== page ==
7-Foot-Long Python Rescued From Air Force Station In Delhi

The snake is currently under observation and will be released back into its natural habitat, once deemed fit

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7-Foot-Long Python Rescued From Air Force Station In Delhi

The python was spotted outside the mess building of the Air Force Station in Tughlakabad


New Delhi:  A seven-foot-long Indian rock python was rescued by the Wildlife SOS Rapid Response Unit from the Air Force Station in Tughlakabad on Wednesday. The snake is currently under observation and will be released back into its natural habitat, once deemed fit, the NGO said.

An emergency call on the Wildlife SOS 24-hour helpline number by Air Force officials alerted the organisation's Rapid Response Unit to the presence of a python outside the mess building. A rescue team comprising two snake handlers from the NGO promptly arrived at the location and successfully carried out the rescue operation.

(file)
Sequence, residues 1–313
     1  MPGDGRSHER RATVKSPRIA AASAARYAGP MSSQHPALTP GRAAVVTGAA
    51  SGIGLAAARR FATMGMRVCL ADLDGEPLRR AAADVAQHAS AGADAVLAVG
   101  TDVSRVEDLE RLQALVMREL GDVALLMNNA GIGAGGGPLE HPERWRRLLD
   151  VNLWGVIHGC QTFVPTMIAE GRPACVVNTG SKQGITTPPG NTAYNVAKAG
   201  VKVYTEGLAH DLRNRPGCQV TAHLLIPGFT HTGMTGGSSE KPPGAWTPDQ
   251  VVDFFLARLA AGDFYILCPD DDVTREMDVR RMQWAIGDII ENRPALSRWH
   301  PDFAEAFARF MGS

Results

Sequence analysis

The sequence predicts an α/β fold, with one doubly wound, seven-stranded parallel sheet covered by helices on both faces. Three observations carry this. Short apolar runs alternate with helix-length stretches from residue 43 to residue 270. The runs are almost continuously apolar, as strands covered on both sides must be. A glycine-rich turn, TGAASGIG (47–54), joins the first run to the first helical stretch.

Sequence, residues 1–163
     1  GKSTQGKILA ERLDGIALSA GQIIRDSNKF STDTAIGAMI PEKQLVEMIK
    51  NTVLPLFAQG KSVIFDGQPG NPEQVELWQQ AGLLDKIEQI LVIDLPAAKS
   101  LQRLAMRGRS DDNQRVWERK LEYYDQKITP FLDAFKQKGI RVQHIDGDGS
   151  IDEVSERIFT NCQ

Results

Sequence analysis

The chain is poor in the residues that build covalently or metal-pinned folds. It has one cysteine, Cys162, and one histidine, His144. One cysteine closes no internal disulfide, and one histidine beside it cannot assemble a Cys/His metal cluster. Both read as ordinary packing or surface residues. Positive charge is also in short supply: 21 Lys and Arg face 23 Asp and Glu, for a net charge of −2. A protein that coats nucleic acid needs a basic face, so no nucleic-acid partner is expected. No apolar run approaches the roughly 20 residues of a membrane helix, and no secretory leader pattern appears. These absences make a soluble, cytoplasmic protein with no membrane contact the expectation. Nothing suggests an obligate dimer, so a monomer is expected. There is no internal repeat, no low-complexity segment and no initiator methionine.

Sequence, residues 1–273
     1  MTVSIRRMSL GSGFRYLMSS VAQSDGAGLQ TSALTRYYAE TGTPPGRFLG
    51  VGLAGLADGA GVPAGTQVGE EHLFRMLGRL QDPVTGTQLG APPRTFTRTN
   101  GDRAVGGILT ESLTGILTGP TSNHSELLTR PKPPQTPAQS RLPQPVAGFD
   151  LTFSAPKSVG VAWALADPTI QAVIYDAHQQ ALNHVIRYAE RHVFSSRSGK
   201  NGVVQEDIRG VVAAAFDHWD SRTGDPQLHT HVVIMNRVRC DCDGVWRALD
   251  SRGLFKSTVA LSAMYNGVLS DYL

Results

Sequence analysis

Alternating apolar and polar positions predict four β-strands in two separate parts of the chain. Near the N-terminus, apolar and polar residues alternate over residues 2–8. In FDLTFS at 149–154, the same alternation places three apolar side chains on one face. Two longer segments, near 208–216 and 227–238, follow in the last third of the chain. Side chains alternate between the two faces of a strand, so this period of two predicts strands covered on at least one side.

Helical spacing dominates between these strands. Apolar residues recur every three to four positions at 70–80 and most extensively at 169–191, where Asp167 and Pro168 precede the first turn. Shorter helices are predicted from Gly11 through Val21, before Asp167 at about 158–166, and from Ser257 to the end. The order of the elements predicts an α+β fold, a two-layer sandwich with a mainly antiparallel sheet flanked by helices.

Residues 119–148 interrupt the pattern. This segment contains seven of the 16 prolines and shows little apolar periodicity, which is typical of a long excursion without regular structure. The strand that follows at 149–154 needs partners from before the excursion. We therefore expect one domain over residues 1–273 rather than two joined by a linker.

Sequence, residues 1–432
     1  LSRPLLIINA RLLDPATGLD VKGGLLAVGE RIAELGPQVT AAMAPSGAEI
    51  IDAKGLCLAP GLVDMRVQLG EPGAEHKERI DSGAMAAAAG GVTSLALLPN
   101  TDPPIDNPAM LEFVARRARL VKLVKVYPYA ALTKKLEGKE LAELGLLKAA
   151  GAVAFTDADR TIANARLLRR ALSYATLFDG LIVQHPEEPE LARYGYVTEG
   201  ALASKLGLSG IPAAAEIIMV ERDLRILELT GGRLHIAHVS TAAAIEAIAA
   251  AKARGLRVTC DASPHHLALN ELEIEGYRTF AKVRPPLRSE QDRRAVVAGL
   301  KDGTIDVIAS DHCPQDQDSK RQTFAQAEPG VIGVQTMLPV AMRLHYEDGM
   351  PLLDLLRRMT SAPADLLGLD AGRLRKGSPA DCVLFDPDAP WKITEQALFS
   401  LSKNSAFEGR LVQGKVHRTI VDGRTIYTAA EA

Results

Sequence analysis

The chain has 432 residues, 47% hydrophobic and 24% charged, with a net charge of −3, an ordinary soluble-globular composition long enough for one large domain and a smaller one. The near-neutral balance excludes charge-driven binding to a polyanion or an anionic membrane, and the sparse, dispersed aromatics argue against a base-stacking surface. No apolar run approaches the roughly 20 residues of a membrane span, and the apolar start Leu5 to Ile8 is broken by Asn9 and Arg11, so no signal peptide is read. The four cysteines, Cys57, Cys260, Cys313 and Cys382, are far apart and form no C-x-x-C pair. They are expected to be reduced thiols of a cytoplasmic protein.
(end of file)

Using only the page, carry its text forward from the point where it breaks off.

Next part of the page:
Growing habitat destruction and encroachment is rapidly blurring the lines between cities and forests. Consequently, the wildlife living in proximity to such expanding areas have no choice but to forage or seek shelter in urban habitats.

Most snakes are burrowing reptiles and they spend most of their time underground but during monsoons their homes get destroyed due to flooding and they are forced to venture into human habitations, in search of prey like rodents and lizards, Wildlife SOS said in a statement.

A member of the Wildlife SOS Rapid Response team said, "We get maximum calls for reptile rescues in the monsoon season. In the past month we have responded to nearly 100 distress calls pertaining to snakes and monitor lizards in Delhi NCR".

Kartick Satyanarayan, co-founder, Wildlife SOS, said, "We are very glad that people have become so aware that they consider calling experts instead of trying to deal with the matter themselves, or worse, resorting to killing the snakes.

"In case people come across any reptiles or wild animals around their vicinity, we request them to immediately call our 24 hour rescue helpline (9871963535) for assistance," he said.
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